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Revelation Book 2

board with him and let all the brethren immediately  assemble together to put an house for my servant  Ezra and let my servant Fredericks family remain43

TEXT: Possibly “remove”.  

 
 and let the house be prepared and their wants  be supplied and when my Servant Frederick  returns from the west behold and lo he desireth  to take his family in mine own due time unto  the west let that which belongeth unto my  servant Frederick be secured unto him by  deed or bond and thus he willeth that the  brethren reap the good thereof let mine aged  servant Joseph [Smith Sr.] govern the things of the  farm and provide for the families and  let him have healp in as much as he standeth  in need let my servant Ezra humble  himself and at the conference meeting he  shall be ordained unto power from on high  and he shall go from thence if he be obedient  unto my commandments and proclaim  my gospel unto the western regions with  my servants that must go forth even unto  borders by the Lamanites for behold I have  a great work for them to do and it shall be  given unto you to know what ye shall do  at the conference meeting even so amen.—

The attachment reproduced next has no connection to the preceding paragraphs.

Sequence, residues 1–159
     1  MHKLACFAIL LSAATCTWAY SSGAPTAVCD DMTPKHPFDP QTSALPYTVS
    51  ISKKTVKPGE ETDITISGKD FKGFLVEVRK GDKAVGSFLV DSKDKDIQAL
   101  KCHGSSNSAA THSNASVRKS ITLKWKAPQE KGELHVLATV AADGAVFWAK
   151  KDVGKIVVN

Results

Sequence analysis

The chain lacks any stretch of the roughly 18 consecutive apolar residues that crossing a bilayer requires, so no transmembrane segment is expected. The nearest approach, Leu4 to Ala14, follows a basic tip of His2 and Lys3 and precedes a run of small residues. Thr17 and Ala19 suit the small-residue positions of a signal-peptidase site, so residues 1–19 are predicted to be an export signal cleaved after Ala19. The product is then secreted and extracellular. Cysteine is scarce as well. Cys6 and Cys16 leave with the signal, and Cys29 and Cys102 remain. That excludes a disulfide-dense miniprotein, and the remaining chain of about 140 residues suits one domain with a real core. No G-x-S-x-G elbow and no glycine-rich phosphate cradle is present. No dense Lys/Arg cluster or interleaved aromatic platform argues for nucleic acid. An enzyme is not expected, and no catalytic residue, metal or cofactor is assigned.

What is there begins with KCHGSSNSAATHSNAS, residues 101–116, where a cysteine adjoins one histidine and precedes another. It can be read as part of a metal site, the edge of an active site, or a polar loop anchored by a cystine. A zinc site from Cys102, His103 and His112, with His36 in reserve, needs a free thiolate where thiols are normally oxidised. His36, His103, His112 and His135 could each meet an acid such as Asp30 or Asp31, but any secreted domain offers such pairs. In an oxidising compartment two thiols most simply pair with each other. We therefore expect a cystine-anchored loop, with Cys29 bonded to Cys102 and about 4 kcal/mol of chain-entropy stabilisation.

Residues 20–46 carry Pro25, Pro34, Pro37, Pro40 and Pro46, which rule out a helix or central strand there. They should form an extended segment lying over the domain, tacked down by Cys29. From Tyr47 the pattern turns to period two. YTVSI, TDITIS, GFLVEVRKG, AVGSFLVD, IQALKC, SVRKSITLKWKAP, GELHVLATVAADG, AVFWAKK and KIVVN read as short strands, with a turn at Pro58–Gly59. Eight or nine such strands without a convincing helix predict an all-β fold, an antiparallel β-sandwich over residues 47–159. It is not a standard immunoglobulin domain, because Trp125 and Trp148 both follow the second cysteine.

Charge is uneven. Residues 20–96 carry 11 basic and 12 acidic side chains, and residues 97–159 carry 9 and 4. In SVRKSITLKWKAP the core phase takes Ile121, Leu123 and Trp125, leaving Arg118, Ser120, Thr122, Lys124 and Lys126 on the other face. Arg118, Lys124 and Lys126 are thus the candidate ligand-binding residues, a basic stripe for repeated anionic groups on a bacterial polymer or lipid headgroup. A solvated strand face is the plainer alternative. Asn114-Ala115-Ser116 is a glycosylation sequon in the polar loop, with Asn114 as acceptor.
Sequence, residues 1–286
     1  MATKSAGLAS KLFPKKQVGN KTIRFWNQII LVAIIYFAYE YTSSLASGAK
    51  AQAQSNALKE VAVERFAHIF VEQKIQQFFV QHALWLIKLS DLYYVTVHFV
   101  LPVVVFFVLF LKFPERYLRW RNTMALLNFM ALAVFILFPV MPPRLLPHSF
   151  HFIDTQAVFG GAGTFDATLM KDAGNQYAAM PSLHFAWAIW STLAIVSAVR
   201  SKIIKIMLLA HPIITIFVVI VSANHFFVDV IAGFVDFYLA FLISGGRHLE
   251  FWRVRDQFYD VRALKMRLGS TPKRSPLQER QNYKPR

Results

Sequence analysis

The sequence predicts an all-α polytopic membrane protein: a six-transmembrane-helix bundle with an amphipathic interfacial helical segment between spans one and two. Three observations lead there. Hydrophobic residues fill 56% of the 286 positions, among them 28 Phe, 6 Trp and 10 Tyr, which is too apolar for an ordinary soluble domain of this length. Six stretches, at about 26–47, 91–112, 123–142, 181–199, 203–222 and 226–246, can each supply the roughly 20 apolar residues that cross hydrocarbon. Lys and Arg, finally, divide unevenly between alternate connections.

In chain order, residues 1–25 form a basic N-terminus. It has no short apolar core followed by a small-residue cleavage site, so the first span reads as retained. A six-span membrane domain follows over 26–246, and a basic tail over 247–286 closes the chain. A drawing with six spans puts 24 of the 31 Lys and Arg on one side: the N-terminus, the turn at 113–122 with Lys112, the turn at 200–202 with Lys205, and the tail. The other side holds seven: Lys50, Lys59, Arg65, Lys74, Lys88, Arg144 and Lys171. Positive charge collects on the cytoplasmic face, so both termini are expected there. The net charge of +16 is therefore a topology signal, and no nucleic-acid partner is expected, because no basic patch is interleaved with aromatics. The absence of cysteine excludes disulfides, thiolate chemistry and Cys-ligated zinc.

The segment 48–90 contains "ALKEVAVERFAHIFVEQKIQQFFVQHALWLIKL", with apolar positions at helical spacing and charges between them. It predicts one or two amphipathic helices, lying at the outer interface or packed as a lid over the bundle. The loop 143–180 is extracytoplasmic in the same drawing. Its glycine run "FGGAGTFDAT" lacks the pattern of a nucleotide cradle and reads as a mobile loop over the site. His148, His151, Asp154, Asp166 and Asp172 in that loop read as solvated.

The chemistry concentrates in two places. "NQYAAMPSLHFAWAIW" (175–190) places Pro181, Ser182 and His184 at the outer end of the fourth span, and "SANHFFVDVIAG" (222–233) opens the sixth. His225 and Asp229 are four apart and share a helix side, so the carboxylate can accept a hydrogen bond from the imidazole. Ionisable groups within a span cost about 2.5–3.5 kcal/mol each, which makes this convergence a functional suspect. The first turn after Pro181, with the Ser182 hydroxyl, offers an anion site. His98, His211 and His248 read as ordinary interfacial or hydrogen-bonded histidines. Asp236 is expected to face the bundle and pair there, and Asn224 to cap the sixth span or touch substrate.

What shall the brethren do with the mony monies  ye shall go forth and seek dilligently among  the brethren and obtain lands and save  the money that it may be consecrated  to purchace lands in the west for an  everlasting inheritance even so Amen [p. 92]
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“Book of Revelations,” Revelation Book 2, [ca. Feb. 1832–ca. Nov. 1834]; handwriting of Frederick G. Williams, Orson Hyde, Oliver Cowdery, and JS in both original inscription and later redactions; handwriting of William W. Phelps, Sidney Rigdon, and an unknown number of unidentified scribes in later redactions only; 121 pages and two inserted leaves; Revelations Collection, CHL. Includes redactions and archival marking. Volume also contains Willard Richards and William W. Phelps, “Facts left out Re[g]istered herei[n],” Notes for JS History, [Nauvoo, IL], [ca. 1843]; handwriting of Willard Richards and William W. Phelps; 4 pages and one inserted leaf.